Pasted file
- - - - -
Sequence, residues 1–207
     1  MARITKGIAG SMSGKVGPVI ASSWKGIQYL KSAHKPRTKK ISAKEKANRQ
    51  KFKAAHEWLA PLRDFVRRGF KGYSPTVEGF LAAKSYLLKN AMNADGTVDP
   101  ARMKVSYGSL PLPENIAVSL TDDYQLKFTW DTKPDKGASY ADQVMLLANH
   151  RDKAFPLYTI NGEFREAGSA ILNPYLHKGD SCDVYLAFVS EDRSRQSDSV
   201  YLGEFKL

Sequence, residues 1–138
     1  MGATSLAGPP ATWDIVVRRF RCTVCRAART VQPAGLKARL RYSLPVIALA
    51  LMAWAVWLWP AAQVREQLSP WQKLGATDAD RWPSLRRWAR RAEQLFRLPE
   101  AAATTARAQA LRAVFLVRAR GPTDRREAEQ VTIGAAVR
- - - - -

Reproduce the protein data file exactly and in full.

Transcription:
Sequence, residues 1–207
     1  MARITKGIAG SMSGKVGPVI ASSWKGIQYL KSAHKPRTKK ISAKEKANRQ
    51  KFKAAHEWLA PLRDFVRRGF KGYSPTVEGF LAAKSYLLKN AMNADGTVDP
   101  ARMKVSYGSL PLPENIAVSL TDDYQLKFTW DTKPDKGASY ADQVMLLANH
   151  RDKAFPLYTI NGEFREAGSA ILNPYLHKGD SCDVYLAFVS EDRSRQSDSV
   201  YLGEFKL

Sequence, residues 1–138
     1  MGATSLAGPP ATWDIVVRRF RCTVCRAART VQPAGLKARL RYSLPVIALA
    51  LMAWAVWLWP AAQVREQLSP WQKLGATDAD RWPSLRRWAR RAEQLFRLPE
   101  AAATTARAQA LRAVFLVRAR GPTDRREAEQ VTIGAAVR